Robo-dogs to the rescue

Scientists in Japan have developed a system using information technology to augment and enhance the capabilities of canine search and rescue (SAR) teams. Outfitted with special suits, these cyber-enhanced SAR dogs can transmit information about disaster sites and victims to their handlers and rescue workers.

A recording vests for large size (25-30kg) and medium size (15-20kg) dogs. Device layout, its weight, and box shape were designed not to disturb SAR dog’s activities. The vest was equipped with GPS, camera, and Inertial Measurement Unit (IMU). Handlers can confirm the camera image by a tablet PC.

The suits - which fit both large and middle-size SAR dogs - are equipped with GPS and IMU sensors which can track the dog's motions and location. There is also a camera that transmits what the dog is seeing. This is especially useful in assessing the condition of victims and accessing remote parts of disaster sites. Handlers and rescue workers can receive and map the information online using their computers or hand-held tablets.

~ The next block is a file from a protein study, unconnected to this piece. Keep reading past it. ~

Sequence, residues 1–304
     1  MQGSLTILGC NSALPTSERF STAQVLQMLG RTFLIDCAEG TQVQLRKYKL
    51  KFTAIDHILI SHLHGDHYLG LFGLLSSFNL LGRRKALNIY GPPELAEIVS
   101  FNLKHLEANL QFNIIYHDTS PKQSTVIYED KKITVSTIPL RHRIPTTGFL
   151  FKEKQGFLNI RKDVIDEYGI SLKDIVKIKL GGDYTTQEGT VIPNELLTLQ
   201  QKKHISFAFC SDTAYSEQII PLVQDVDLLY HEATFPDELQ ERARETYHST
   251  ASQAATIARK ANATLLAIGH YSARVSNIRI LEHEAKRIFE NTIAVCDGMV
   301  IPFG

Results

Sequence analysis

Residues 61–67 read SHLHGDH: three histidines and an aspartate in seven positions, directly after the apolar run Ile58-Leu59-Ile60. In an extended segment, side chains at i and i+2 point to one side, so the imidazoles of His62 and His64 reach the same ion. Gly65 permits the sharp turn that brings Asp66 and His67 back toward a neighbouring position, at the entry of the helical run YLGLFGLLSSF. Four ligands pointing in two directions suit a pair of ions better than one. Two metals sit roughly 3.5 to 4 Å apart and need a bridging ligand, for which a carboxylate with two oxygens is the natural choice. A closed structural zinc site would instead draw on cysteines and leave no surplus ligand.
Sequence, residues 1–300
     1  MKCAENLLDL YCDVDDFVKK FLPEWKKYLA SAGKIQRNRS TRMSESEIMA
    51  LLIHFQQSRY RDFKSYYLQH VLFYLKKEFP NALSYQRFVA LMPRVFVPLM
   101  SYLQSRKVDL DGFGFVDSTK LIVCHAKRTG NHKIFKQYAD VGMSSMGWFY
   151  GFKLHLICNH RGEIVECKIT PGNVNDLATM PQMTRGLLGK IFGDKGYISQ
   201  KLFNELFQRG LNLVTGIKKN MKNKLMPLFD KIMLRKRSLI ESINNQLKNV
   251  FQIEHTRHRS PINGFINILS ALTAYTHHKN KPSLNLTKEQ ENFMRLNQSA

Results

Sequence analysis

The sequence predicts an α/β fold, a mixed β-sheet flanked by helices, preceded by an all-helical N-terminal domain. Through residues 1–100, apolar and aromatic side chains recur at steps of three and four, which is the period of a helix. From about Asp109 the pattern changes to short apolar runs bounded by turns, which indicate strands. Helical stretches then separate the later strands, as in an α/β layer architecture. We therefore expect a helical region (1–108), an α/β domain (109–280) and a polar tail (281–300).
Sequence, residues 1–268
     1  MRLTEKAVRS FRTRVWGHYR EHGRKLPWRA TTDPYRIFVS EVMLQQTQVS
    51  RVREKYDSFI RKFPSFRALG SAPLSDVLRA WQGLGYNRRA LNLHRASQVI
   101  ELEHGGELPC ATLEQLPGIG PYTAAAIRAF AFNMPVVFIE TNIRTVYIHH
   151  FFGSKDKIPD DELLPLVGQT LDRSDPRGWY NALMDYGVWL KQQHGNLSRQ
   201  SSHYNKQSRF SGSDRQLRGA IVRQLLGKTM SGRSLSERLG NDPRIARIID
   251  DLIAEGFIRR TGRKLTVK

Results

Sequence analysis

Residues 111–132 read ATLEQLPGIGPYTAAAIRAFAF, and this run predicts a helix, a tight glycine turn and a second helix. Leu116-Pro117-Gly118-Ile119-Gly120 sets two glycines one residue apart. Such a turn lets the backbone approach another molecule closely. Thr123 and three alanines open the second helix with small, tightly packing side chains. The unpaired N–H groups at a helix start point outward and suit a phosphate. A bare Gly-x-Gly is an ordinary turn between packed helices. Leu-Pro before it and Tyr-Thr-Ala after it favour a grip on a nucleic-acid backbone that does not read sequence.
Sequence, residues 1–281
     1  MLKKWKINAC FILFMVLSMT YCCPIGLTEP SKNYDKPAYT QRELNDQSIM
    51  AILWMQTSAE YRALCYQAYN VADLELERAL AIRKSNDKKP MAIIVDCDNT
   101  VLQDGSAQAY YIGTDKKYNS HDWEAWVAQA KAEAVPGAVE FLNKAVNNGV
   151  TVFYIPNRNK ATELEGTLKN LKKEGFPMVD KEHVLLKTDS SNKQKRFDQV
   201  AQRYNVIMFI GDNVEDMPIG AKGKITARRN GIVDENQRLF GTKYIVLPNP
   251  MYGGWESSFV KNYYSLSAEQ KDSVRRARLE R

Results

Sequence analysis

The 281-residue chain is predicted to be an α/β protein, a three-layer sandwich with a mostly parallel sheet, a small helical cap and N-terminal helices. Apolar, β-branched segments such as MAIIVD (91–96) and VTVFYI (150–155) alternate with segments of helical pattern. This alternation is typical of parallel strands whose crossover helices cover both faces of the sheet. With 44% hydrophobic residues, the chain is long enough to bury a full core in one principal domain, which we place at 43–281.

The effectiveness of Canine SAR teams depends on the experience of the handlers and their ability to analyze and utilize information provided by their canine partners. It is hoped that the cyber-enhanced canine suits will promote a new field integrating human, animal and robot technologies.

New Industry Creation Hatchery Center

Published: 25 Mar 2016


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Websites: Original article from Tohoku University More details in Human-Robot Informatics Laboratory Watch training of a rescue dog on YouTube